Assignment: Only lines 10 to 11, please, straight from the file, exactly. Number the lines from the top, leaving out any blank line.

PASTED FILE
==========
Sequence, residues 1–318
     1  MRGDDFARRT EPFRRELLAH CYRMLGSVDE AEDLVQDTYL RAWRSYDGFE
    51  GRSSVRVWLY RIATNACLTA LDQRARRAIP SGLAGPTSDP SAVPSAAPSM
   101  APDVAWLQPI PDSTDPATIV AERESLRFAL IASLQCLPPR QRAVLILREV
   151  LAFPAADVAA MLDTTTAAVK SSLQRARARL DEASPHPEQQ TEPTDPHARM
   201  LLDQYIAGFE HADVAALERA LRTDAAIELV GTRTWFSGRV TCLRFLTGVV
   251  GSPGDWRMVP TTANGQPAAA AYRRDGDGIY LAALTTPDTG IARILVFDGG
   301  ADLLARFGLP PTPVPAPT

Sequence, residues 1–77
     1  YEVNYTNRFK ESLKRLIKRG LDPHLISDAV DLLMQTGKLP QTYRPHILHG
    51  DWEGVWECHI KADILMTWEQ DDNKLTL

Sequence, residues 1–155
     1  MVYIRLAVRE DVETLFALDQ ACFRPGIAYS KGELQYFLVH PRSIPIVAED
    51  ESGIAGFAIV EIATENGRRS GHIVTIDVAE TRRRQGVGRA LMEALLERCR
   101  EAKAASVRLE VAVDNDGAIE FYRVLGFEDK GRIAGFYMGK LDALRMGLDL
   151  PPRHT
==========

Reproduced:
     1  YEVNYTNRFK ESLKRLIKRG LDPHLISDAV DLLMQTGKLP QTYRPHILHG
    51  DWEGVWECHI KADILMTWEQ DDNKLTL